I tried to make Seanchai special by being so believable, showing his fear, indecision and immaturity. I wonder if that is why I think he resonated with my YA audience more in the earlier novels. This is why I decided to move ahead a generation for the next trilogy and keep my main characters young. But I realize now that this is because I (sub consciously perhaps) felt the pressure to make him and his colleagues more heroic as they grew older.

      Fascinating conversation.

      Thanks again,

    • Elf Writer says:

      Lovely response. Thank you. I continue to struggle with my female characters. While I have no problem with them as strong, warriors and commanders, you are absolutely correct – I am guilty of making them all attractive. Will continue to struggle with this.

      Thank you,

  5. Funny, I had written a similar post at my blog on the “strong female character” stereotype a few weeks ago. I’d feel awkward posting it here, though; it would seem rude to draw attention away from your article like that.

    Personally I don’t have a problem with strong female characters – as long as they have a balance of attributes and flaws that shows their vulnerability and dynamism. But like you were asking, is it necessary for those women to have magical powers, wield weapons, or fight? I say “no.” A great example of a female character who doesn’t is Tenar from Ursula Le Guin’s Earthsea cycle. (Have you read those books?) She’s a priestess taken from her family at a young age who has since grown weary of and disillusioned by her profession and the dangerous political games her fellow priestesses are playing. She has no magic, no weapons, and no fighting skills. However, she’s courageous, resilient, resolute (to the point of stubbornness), and in the end willing to change for the better. Those qualities make her a strong character in general. Maybe a better word choice here would be “compelling”?

    The story I’m working on right now (high / epic fantasy novel) is led by a strong female character. I was afraid for a while that I was making her into the “ultimate” example of that kind, because she fights and uses weapons and magic. But she’s not a full-blown alpha female; I’ve always envisioned her to be empathetic and compassionate, and she becomes emotional and vulnerable at a few points because of the journey the story will take her on. I don’t think I would change much about her at this stage of writing, but the articles I’ve read about “strong female characters” are definitely making me think ahead to female characters I may write about in the future and how to make them compelling or dynamic in different ways (i.e., without the “strong female character” hat-trick).

  6. Marty Hiller says:

    Cress in The Lunar Chronicles is not much of a warrior. Neither is Scarlet — she likes to butt heads, but she has a strong tendency to lose. And Cinder may be leading a revolution, but until the end of the third book her fighting skills were pretty much limited to shooting people with tranquilizer darts.

  7. victoriaa24 says:

    I think having a variety of female and male characters makes things the most interesting. I think the strongest types of female characters aren’t always the skinny, pretty, fighter types, but the ones that are the most well rounded (which many skinny, pretty, fighter types are).

    I’m surprised no one has listed A Song of Ice and Fire yet. Martin’s series has a large female cast compared to most and some are warriors and some aren’t. Some are beautiful and some aren’t. I love the series for having so many different types of women.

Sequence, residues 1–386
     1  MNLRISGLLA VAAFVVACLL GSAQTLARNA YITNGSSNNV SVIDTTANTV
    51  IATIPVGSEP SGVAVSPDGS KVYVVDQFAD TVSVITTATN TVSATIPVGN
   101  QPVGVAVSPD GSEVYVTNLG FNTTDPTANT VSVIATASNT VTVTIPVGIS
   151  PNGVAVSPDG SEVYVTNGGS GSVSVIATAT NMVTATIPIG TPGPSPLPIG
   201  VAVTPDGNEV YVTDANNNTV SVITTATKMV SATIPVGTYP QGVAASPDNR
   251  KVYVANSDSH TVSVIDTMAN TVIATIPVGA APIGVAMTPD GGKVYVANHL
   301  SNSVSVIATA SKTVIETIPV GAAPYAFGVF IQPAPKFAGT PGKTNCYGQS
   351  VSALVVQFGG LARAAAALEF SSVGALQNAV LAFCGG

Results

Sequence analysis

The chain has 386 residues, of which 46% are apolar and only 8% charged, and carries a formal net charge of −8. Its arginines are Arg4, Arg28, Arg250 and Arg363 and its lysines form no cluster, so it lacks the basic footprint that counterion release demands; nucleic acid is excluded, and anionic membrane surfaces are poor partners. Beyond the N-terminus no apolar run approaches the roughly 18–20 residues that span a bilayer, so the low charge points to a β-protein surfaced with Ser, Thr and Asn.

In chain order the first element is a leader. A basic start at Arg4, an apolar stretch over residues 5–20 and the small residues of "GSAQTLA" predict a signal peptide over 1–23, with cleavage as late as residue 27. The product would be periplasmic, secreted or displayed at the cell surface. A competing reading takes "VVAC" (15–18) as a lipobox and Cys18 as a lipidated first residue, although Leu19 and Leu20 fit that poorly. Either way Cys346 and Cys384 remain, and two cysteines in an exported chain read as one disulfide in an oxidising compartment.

On another note, why do we always question the female characters who are pretty, skinny, and fighter types. How many ugly, not-skinny, non-warrior male characters are there? I think it’s interesting that we analyze female characters over and over, but leave the males alone.

  8. gorgophone says:

    It would absolutely be compelling to have a female protagonist who isn’t stereotypically beautiful or brave, or a warrior. On the contrary, as a female growing up I stuck to a few authors who could write females, but eventually avoided female protagonists or any females portrayed in fantasy, since a good percentage of them were two-dimensional stock characters. Only in recent years did I realize I avoided reading about females in fiction and why. These kind of characters do little credit to both females and writers in general.

    In short, having a variety of female and male characters with the kind of strengths that are less common would be wonderful.

  9. aliciagaile says:

    Like jdabbas mentioned, Juliet Marillier is very good at portraying strong females through a variety of ways. The Sevenwaters series glorifies the strength of the housewife, while her Caller series has a better blend of roles for women to play in the rebellion taking place in that world. The key is of course variety. If all the strong women are warriors then that implies fighting is the only way to demonstrate strength. It’s the same as when they’re all housewives, it sends the message that there’s only one right way for a woman to show strength and that strength means the same thing for all women.

  10. Monique says:

    Loved this blog very well-written. Girls are greatly encouraged to become empowered, strong young women. This contradicts the views of the past, where females are seen as weak and lesser than males. Times are changing, and many are using their voice to empower females, demanding equality. Check this out The Do's in Developing a Compelling Female Protagonist Hope this will help. Thank you.


    • J says:

      Blah blah blah
      All we do is Empower females. Usually at the sacrifice of the male character. Who is now usually relegated to wimpy idiot or Macho bastard that needs to be taken down a peg. It’s funny how female empowerment can only occur when it tears down men